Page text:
'Where's the beef?' Meat-free replacements

GLENDALE "The American Institute for Cancer Research has recently published a study that looked at the risk of eating red meats and processed meats," said Jackie Keller.

With alarming results. Several large studies confirm that consuming more than 18 ounces, a little more than one pound of red meat, bacon, and smoked meats per week, increases the risk of colorectal cancer by 30 percent. That's worrisome since many shy from this type of cancer screening.

"And with our love of fast-food burgers and super-sized steaks," said Keller, "this is the time to investigate some other options."

So we conducted a tasting at the Veggie Grill in El Segundo. This restaurant doesn't serve animal protein, but for testing purposes they created meat and meatless versions of Santa Fe chicken, chipotle BBQ, and burger with the works.

All participants were meat-eaters, yet most were surprised to find meat-free options satisfying.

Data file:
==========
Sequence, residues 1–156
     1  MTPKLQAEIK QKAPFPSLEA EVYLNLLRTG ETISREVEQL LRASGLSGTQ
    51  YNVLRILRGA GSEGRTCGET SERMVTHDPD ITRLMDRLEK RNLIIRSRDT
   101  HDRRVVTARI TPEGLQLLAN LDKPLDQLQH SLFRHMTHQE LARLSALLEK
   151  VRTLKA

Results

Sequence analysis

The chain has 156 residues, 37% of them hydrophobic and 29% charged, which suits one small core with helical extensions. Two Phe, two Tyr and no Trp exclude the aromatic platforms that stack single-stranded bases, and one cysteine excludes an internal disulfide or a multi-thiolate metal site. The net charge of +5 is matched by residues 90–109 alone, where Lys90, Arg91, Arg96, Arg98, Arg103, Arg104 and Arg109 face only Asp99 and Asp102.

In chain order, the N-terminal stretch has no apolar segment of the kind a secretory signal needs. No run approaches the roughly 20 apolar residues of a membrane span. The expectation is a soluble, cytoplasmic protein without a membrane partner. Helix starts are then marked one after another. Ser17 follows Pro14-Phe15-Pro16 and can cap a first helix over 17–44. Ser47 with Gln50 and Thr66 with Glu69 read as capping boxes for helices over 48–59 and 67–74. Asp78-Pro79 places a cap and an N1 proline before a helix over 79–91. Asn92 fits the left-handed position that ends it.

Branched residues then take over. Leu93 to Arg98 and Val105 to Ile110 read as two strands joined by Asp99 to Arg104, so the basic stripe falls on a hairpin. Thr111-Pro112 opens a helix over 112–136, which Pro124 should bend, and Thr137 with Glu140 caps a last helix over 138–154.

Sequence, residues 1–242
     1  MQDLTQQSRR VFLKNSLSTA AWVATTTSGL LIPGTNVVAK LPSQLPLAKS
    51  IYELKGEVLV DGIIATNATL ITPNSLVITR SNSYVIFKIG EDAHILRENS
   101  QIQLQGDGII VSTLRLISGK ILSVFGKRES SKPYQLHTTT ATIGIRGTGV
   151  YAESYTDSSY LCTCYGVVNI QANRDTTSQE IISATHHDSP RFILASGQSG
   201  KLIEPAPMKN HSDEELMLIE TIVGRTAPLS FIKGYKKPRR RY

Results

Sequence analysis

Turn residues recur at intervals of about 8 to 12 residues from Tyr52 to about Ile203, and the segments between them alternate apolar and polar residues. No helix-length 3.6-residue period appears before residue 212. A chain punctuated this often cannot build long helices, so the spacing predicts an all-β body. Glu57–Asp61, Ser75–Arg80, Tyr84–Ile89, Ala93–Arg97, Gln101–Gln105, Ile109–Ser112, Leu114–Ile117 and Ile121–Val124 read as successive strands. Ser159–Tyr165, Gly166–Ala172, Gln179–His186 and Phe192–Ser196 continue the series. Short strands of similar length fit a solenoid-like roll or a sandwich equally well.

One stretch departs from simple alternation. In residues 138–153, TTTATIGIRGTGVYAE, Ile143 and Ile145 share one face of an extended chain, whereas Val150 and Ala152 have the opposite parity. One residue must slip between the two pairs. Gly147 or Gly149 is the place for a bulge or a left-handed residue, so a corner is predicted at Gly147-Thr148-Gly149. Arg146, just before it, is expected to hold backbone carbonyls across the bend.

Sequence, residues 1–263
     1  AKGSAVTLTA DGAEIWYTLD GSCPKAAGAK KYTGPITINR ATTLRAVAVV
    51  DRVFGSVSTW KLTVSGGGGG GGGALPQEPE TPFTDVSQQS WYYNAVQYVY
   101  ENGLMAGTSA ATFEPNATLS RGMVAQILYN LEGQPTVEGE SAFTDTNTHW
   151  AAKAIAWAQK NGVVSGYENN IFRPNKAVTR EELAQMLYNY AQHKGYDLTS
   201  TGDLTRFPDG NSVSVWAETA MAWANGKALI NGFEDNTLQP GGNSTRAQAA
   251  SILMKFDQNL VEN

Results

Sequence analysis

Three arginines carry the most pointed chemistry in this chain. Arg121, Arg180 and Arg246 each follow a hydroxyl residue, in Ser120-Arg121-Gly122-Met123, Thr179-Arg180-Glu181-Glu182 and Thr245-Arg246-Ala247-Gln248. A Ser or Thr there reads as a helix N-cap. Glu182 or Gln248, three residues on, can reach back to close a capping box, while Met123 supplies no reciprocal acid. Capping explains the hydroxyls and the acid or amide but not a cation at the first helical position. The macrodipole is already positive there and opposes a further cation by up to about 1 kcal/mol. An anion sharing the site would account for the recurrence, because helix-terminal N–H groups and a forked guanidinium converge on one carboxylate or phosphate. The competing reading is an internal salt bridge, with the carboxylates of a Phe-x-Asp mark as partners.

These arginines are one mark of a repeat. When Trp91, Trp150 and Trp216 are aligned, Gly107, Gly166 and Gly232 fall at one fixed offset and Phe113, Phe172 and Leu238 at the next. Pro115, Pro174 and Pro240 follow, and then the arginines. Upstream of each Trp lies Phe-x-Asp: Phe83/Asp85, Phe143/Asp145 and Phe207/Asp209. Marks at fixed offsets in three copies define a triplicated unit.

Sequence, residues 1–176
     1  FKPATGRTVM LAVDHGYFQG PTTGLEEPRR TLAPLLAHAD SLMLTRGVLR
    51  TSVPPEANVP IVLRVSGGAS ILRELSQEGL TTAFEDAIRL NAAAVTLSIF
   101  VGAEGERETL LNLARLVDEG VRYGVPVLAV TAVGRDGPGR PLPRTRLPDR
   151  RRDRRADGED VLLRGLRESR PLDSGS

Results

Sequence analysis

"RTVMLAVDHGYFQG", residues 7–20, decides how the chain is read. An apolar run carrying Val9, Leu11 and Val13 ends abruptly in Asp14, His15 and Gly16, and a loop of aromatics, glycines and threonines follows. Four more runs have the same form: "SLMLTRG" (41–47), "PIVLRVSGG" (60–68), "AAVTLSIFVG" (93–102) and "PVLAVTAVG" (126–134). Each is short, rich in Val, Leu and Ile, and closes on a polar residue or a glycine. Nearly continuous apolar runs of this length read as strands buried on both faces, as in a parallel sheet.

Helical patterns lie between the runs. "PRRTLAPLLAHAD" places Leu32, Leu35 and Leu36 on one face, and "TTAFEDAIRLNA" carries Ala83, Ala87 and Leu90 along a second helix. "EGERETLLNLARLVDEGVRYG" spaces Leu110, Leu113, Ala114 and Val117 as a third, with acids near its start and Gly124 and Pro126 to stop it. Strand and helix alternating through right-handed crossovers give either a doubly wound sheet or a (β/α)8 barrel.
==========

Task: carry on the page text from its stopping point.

"I don't mind if it tastes like meat and it's not."

"I could tell it wasn't beef but I liked it better."

"We have no animal products at all but we don't advertise that fact because people often don't think they can get great food that doesn't have animal products," said co-owner T.K. Pillan.

The Veggie Grill just served its 200,000th customer. With two locations in Southern California, they are observing the popularity of going meat-free firsthand.

At Whole Foods Markets and other large grocery chains, you'll now find it easy to give these meat-free foods a try. Fun names like Veat, Fakin' Bacon, spicy Chik'n nuggets, even "Soyrizo" are available. Food manufacturers are better able to mimic chicken, shrimp and meat by using soy, something called tempeh, and vegetables to create enjoyable tastes and textures. Most are cholesterol-free, low in fat, and high in protein.

"It doesn't have that heavy feeling in your stomach."

In addition dietitian Jackie Keller says fish is a fabulous option.

"Interestingly enough the protective antioxidant compounds, vitamins, minerals that are found in fish help to combat the risk of cancer," said Keller.

Also helpful, ethnic foods that offer beans and legumes with small doses of meats. If meat is important, stretch it out using it in chili or sauces -- or go with this rule to scale back portions:

"Half of the plate is fruit or vegetables," said Keller.

Leaving a quarter for carbohydrate and a quarter for protein, keeping portions as they should be.

For more information about meatless meals:



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